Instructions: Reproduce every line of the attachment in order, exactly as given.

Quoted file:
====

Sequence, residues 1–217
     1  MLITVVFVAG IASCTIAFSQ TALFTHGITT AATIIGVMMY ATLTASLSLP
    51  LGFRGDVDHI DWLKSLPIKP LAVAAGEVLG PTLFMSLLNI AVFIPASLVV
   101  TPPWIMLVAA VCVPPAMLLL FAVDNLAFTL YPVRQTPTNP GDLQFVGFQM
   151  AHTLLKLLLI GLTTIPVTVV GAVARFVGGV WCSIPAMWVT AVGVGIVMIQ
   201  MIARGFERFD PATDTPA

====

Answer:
Sequence, residues 1–217
     1  MLITVVFVAG IASCTIAFSQ TALFTHGITT AATIIGVMMY ATLTASLSLP
    51  LGFRGDVDHI DWLKSLPIKP LAVAAGEVLG PTLFMSLLNI AVFIPASLVV
   101  TPPWIMLVAA VCVPPAMLLL FAVDNLAFTL YPVRQTPTNP GDLQFVGFQM
   151  AHTLLKLLLI GLTTIPVTVV GAVARFVGGV WCSIPAMWVT AVGVGIVMIQ
   201  MIARGFERFD PATDTPA